The Observer Corps was officially formed in 1925. A series of observation posts were established during the First World War to spot and identify enemy aircraft over Britain. The Observer Corps built on the legacy of this system.
The radar stations positioned along the coast were only able to look outwards. Once inland, it was up to the Observer Corps to identify enemy aircraft and to estimate the size and height of the formations. This information was passed to an Observer Corps Centre and then to Group and Sector Station Operations Rooms where it was used to inform Fighter Command's operations.
In 1941, in recognition of their contribution, the Observer Corps became the Royal Observer Corps (ROC).
The ROC continued to serve throughout the Second World War. They provided early warning of air raids and later in the war helped spot incoming V1 and V2 rockets. Observers even served aboard the invasion fleet on D-Day to give early identification of incoming aircraft.
The Observer Corps and the Battle of Britain
Learn more about the Observer Corps and hear from IWM curator Adrian Kerrison on how these expert aircraft spotters helped save Britain from invasion in 1940.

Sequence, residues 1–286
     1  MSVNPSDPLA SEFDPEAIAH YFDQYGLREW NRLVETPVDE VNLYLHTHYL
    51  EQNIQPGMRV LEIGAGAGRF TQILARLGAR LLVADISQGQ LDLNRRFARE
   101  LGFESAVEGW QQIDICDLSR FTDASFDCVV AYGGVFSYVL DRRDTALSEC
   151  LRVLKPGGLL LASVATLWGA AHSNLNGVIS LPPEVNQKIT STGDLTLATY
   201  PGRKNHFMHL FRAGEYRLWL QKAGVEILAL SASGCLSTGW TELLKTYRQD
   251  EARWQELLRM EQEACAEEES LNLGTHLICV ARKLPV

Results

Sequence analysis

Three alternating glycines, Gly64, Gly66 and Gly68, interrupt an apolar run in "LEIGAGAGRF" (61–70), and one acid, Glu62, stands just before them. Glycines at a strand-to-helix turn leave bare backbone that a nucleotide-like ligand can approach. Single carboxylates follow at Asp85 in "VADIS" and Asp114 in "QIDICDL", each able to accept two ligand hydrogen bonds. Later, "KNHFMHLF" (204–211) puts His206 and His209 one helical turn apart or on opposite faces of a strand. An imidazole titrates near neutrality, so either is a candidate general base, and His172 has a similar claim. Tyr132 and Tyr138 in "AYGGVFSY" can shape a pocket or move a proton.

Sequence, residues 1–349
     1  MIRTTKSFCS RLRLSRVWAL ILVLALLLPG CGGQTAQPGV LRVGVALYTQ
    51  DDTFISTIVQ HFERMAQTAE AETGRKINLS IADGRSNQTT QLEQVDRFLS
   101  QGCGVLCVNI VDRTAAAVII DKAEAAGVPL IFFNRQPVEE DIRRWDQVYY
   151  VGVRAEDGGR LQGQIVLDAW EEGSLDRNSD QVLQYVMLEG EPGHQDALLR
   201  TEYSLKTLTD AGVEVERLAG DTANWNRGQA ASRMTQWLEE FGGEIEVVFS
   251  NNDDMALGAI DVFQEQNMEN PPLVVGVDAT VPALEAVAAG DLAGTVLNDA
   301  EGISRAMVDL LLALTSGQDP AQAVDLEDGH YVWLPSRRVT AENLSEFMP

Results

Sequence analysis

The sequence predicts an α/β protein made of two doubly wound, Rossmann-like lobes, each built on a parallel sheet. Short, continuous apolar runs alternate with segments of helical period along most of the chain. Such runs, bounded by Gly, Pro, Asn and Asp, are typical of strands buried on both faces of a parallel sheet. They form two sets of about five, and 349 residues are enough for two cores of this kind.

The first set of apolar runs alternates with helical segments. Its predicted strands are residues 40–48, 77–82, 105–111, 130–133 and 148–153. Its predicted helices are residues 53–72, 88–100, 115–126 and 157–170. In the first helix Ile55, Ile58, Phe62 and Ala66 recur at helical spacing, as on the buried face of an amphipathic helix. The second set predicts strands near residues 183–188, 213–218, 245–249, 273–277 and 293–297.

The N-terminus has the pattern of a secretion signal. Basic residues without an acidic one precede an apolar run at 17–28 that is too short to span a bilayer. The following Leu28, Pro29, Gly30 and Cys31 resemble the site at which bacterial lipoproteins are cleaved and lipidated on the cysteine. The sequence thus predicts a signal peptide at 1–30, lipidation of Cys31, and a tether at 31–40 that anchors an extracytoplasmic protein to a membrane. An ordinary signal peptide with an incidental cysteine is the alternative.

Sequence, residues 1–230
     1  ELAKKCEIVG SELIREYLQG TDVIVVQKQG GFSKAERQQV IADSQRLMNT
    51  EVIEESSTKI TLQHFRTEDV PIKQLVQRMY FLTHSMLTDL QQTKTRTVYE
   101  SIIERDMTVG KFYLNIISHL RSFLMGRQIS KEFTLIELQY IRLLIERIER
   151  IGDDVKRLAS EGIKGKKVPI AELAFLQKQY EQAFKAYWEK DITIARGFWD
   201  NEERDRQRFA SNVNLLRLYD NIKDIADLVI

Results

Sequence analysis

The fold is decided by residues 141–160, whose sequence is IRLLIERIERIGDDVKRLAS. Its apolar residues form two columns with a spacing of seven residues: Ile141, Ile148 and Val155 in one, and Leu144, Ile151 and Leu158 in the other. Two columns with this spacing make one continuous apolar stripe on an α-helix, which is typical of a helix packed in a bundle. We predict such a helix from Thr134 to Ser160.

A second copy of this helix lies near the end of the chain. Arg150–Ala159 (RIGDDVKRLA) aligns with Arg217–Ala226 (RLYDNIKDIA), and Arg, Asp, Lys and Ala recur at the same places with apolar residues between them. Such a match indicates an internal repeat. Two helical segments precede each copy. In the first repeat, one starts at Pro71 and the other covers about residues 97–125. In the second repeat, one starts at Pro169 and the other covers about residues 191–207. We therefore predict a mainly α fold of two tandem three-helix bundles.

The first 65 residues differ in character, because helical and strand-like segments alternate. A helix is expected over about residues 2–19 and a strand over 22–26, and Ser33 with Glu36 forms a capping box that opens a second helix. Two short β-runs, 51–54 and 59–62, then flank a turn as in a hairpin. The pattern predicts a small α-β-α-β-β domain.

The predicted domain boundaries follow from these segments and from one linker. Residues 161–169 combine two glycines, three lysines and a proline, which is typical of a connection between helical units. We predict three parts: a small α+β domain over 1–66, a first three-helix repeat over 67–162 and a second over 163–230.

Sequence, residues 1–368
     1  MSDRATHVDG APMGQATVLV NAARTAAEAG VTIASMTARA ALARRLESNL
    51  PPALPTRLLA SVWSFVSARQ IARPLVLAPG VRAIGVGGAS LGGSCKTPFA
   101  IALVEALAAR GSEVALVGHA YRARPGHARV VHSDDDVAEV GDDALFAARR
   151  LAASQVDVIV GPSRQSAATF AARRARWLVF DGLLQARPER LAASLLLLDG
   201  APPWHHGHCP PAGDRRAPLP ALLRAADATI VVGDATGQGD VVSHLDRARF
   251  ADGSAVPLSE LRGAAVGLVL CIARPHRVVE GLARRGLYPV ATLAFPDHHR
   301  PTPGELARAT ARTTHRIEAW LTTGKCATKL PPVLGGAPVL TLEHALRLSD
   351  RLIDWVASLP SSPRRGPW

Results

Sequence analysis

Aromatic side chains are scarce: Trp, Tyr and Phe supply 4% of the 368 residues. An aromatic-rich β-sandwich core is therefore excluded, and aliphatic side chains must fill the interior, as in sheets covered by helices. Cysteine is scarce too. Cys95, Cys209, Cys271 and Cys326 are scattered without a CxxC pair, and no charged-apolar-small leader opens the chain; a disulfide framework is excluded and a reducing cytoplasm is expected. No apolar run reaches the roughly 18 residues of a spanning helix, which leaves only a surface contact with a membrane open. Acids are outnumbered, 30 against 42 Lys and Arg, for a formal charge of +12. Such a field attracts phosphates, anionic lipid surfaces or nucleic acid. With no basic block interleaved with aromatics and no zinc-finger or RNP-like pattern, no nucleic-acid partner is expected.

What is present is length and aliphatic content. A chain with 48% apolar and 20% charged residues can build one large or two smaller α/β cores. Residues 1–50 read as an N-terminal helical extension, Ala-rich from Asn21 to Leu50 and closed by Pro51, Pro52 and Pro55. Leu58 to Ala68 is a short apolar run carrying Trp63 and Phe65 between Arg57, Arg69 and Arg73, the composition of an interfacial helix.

What's that? That? These? And this? Quick is it one of ours?
If you got this right as a member of the Observer Corps you may just have saved the lives of dozens of civilians.
The Battle of Britain was fought in the air. Heralded as 'the few', just under three thousand RAF aircrew faced Luftwaffe from July to October 1940.
Footage: "Never, in the field of human conflict was so much owed by so many to so few" -
However, throughout the battle, a secret army of 30,000 volunteers played a crucial role in their success. Standing day and night in hundreds of observer posts across Britain it was in fact a network of highly trained plane spotters that may just have swayed Britain into victory.
Footage: "From the southwest"
"Got'em, they're Junkers"
"four, southwest heading north east"
In the 1930s, it became increasingly clear that Germany's military was rapidly expanding and this was especially true of its air force the Luftwaffe.
Footage: "Here comes the Luftwaffe, in dozens of flights, hundreds of planes."
Britain was under no illusions that if war broke out with Germany the nation would be extremely vulnerable to air raids that would be much more devastating than those it had experienced in the First World War. Aircraft speeds increased so much in the interwar years that RAF fighters would not be able to intercept and prevent attacks unless they had early warning.
When Hugh Dowding was appointed the Chief of RAF Fighter Command in 1936, he immediately set about to solve this problem.
Adrian Kerrison: "So, in addition to the networking system set up by the Observer Corps in the 1920s and 30s, Dowding also added the new technology of radar as well as a system of command and control that allowed the RAF to rapidly communicate information through the chain of command.